On behalf of Gary Kirk of Kirk Montoute LLP posted in Family Law on Thursday, March 22, 2018.
Marital separation and divorce doesn’t just affect the spouses. Children of the marriage can be equally — and often more so — affected by a breakup than the actual partners. Family law in Canada paves the way for parents to keep conflict to a minimum when the family is going through the effects of divorce. Children of divorce may already have many issues with which they’re grappling — where they’re going to live and with whom, for instance. When kids witness conflict between their parents, these stressors can be exacerbated.
Divorce is bound to have an impact on most children. They may act out or display behaviours not shown before. They may act defensive and angry. These are relatively normal displays of the displeasure they feel about their parents’ split. Particular behaviours in parents have even more of a negative effect on their kids such as when they are aggressive or violent with each other, verbally abuse each other, and never let up with arguing or screaming at each other.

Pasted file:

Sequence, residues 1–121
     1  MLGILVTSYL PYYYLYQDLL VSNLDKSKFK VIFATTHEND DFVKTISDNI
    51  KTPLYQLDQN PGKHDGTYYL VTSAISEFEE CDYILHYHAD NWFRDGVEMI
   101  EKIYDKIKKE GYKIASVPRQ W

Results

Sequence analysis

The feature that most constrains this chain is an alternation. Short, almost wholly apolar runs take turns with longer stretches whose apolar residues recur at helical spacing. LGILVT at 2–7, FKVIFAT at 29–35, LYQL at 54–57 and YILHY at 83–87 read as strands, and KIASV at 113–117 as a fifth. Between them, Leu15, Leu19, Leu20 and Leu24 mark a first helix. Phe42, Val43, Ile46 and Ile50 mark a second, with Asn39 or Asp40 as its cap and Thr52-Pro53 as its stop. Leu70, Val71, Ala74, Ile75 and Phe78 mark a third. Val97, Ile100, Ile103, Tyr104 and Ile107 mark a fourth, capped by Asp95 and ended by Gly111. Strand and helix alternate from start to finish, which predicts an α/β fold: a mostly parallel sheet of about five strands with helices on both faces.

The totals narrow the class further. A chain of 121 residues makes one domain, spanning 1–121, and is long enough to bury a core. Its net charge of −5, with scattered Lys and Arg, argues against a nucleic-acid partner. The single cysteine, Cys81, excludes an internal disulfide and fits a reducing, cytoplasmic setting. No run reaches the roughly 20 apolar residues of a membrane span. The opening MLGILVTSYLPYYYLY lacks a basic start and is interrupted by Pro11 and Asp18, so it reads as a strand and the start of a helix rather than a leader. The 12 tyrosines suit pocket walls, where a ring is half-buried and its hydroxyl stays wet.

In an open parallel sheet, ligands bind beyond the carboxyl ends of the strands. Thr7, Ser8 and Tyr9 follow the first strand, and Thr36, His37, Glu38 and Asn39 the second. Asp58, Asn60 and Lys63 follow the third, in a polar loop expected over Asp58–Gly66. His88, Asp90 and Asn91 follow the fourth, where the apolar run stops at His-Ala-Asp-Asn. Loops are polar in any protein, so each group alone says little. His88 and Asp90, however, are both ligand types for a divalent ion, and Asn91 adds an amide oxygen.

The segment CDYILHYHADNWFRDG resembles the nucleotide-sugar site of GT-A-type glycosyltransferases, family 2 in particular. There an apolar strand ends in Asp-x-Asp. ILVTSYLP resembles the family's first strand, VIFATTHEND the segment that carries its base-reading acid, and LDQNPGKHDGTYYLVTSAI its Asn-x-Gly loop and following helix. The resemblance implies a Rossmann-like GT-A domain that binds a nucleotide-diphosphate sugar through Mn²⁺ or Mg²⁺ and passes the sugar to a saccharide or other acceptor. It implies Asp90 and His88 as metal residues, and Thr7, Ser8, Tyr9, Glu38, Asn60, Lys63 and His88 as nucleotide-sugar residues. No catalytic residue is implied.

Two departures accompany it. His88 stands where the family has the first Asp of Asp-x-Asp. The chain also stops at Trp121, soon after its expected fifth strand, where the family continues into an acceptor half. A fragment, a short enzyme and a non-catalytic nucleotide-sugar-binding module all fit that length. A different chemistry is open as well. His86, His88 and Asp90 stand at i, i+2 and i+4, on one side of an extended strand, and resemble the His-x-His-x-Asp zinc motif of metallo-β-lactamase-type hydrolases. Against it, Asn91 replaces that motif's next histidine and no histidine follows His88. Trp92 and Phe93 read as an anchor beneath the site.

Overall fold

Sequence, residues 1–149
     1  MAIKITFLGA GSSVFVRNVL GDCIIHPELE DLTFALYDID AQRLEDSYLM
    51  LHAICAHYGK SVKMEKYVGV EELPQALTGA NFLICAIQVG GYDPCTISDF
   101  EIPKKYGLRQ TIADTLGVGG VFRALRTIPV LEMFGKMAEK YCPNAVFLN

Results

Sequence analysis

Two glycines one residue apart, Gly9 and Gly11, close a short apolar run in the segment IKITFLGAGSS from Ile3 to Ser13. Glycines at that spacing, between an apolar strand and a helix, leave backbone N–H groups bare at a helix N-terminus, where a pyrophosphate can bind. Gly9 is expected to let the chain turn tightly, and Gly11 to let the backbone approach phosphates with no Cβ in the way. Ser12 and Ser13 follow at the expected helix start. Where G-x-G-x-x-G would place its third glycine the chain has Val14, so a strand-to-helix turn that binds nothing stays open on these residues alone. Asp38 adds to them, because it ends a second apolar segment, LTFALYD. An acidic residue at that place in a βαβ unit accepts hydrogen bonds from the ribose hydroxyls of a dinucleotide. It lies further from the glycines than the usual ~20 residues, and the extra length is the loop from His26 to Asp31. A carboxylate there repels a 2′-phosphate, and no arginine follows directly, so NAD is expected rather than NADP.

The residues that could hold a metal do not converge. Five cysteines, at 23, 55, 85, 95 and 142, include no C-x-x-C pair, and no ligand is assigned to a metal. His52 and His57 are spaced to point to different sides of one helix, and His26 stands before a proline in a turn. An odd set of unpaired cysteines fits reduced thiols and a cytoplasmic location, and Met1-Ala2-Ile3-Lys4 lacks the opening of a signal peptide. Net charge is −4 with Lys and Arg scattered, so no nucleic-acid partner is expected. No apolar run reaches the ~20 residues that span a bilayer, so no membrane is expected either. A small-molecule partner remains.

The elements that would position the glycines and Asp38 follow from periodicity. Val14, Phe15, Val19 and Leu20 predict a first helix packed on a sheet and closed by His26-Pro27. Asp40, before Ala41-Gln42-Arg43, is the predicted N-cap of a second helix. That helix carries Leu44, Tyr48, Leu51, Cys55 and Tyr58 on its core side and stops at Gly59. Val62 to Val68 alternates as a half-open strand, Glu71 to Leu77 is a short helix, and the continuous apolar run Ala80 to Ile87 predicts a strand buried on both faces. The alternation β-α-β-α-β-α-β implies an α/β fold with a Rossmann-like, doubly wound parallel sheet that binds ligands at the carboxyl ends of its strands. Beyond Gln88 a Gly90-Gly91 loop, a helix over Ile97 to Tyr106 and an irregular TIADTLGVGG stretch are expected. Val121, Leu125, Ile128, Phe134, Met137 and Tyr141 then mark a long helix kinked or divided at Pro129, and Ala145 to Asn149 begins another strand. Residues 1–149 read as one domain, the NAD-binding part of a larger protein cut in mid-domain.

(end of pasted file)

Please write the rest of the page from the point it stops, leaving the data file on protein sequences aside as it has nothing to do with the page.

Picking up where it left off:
This kind of behaviour also affects children because the adults are not at their best when parenting if they’re constantly at odds with each other. Even in a divorce situation, individuals need to be mindful how their actions are affecting their kids. When parents agree that their children’s best interests should come first no matter what, displaying behaviours that cause stress in their kids may be lessened or stopped altogether.
An experienced lawyer in family law in Canada may be able to provide not only legal guidance when it comes to separation and divorce, but may be able to provide the name of a good family counsellor to help children deal with divorce. A compassionate lawyer may be able to answer his or her client’s questions about the tools family law provides that may help in the divorce process. Parents can’t have too much information when it comes to the mental health of their kids.
Source: lawnow.org, “Conflict Between Parents, Part 1: The Effect of Conflict on Children“, John-Paul Boyd, Accessed on March 11, 2018
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